Cold Sour Cherry Soup Is Pretty in Pink for Summer
Borscht, borscht, borscht. Why do cold summer soups always seem to be about borscht? Yes, the cold beet soup has an illustrious history that goes way back in the annals of Jewish cuisine. And it is so culturally ingrained in America that it’s a culinary synonym for the Catskills. Plus, it’s irresistibly pretty and pink. But when you dip into it….it’s beets.
That’s not so bad, but, I wonder, shouldn’t something so decidedly pastel taste a little less earthy and a lot more ethereal? Perhaps like cherries. Or, more specifically, like sour cherry soup?
This soup’s beautiful rose-colored palette is the result of a blissful mingling of tart cherries, sugar, a little red wine and sour cream. And while I know it’s not a competition, “divinely decadent” could easily be anyone’s reaction to spooning sour cherry soup in their mouth. When is the last time anyone said anything like that about borscht?
Sour cherry soup is a dish with deep roots in Eastern European cooking, where fruit soups traditionally started the meal to sharpen the appetite. It is also a classic example of field to table cuisine. When the trees were full of tart cherries, you could be sure that compotes, fruit-stuffed pastries and sour cherry soup, enriched with sour cream made from the abundant sweet spring milk—or not, if you needed a pareve soup—filled the dinner tables of Jewish homes throughout the region.
In America, sour cherry soup is a connection to the old country. Joan Nathan remembers sharing sour cherry soup with her grandfather on their outings to the many glorious Hungarian restaurants that used to line Second Avenue in New York City. It’s also part of the grand lineage that inspired Israeli fruit soup, a mélange of sweet and tart fruits also thickened with sour cream and served chilled. And sour cherry soup has the advantage of versatility—add a little more sugar and it’s dessert.
The rest of the year you can go back to borscht. But for a bowl that’s pink perfection for midsummer cooling, it’s all about the sour cherries.
Cold Sour Cherry Soup
Serves 6 to 8
There are many variations of this soup. Tart cherries are, of course, a must. Use fresh if you can find them in late spring or early summer, otherwise frozen, jarred or even canned will do. Sugar is a necessity—these cherries truly are sour. As for the rest, have at it. There’s lots of options, including a very boozy one from celebrated Jewish food writer and historian Claudia Roden that calls for brandy, which I quite like. After a soup filled with wine and liquor, it probably doesn’t matter what you serve later in the meal, so the pressure’s off. Cheers!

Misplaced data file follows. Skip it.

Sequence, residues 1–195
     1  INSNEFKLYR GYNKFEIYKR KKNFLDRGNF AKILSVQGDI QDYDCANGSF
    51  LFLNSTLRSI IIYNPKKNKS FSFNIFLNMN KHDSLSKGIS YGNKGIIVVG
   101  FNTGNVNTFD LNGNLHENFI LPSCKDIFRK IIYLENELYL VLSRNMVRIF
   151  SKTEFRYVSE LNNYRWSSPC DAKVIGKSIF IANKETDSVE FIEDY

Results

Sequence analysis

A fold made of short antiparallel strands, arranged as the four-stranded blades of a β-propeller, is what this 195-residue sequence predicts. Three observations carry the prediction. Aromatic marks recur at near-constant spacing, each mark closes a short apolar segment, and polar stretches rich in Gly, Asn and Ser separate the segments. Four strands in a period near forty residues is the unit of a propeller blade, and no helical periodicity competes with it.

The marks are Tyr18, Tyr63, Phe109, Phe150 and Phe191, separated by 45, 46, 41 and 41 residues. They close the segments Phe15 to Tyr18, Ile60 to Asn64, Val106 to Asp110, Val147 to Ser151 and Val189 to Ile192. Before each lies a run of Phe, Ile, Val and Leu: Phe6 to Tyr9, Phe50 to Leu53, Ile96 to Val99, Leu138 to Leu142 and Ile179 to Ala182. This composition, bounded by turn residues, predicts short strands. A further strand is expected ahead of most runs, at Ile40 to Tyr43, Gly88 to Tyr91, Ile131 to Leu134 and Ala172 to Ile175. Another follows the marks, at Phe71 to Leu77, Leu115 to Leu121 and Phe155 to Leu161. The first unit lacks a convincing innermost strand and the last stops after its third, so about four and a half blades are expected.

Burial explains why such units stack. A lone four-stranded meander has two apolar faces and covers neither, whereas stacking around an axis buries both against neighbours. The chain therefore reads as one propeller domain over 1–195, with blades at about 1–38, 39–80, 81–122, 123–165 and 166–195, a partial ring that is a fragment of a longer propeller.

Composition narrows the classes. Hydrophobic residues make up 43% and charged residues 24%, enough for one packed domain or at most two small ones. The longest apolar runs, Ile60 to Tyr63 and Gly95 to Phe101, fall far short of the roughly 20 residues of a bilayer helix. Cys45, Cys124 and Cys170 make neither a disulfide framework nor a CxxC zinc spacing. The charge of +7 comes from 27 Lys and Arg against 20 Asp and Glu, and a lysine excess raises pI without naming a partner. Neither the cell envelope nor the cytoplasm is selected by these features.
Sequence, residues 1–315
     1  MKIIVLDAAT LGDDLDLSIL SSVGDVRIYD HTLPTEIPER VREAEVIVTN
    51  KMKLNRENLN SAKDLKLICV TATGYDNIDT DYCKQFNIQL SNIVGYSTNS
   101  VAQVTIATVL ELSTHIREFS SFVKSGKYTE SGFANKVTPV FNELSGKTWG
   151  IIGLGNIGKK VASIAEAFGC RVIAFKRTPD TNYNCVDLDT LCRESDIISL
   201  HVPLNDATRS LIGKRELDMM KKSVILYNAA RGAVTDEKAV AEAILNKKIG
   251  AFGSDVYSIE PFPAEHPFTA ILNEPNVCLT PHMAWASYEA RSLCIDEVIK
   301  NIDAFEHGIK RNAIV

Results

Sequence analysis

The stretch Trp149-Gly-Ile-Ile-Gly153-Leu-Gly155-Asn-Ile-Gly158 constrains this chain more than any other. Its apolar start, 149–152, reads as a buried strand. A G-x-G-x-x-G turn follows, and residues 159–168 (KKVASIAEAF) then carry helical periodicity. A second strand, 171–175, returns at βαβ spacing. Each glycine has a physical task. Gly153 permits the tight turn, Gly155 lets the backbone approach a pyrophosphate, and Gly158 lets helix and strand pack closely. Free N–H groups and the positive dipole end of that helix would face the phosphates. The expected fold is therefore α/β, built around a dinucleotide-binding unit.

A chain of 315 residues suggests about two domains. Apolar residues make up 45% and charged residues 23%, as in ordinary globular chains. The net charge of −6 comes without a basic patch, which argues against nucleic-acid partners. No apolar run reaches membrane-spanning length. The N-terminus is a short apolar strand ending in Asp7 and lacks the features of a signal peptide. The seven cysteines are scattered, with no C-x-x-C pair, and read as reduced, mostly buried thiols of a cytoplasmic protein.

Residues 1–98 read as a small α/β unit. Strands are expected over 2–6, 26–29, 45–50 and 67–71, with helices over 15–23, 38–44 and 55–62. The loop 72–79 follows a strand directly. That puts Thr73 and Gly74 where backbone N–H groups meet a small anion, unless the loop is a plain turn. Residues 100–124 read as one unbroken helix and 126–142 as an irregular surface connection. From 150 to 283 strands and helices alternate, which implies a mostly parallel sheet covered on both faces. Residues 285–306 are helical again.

2 cups water
1 cup red wine (optional, can be replaced with water)
4 to 6 tablespoons sugar, to taste
2 cinnamon sticks
Pinch of powdered cloves
1 lemon (zest and juice, about 4 tablespoons juice)
2 pounds pitted fresh tart cherries OR 3, 14.5-ounce cans of tart cherries (Morello or Montmorancy preferably, but not packaged in sweet syrup) OR about 45 ounces frozen tart cherries
1 cup sour cream, crème fraîche or Greek yogurt (room temperature)
6 tablespoons brandy (totally optional)
Extra sour cream, crème fraîche or Greek yogurt, for garnish
- Pour 2 cups water and the wine (if using) into a large saucepan. If using canned cherries, drain the juice into the saucepan, add the wine and enough water to make 3 cups of liquid.
- Add sugar, cinnamon sticks, powdered cloves, lemon juice and zest. Bring to a simmer over medium heat, stirring to dissolve sugar, then add cherries. Turn heat to low, partially cover, and cook until cherries are tender, about 15 minutes. Let cool about 20 minutes.
- Remove a handful of the cherries for garnish, then puree the rest using an immersion blender or food processor. Cool to room temperature.
- Add one cup of soup to the sour cream (or crème fraîche or Greek yogurt), mix well, then stir that mixture into the remainder of the soup, mixing until well combined. Add optional brandy.
- Refrigerate until cold, top with reserved cherries, chopped if desired, and sour cream. Serve at once.
Beth Segal is an award-winning writer and photographer specializing in food projects. She has lived in Minneapolis, Chicago and New York City, and is now happily settled in Cleveland. Her work has appeared in the The Plain Dealer, The New York Times Sunday Magazine, Bon Appetit and many other publications.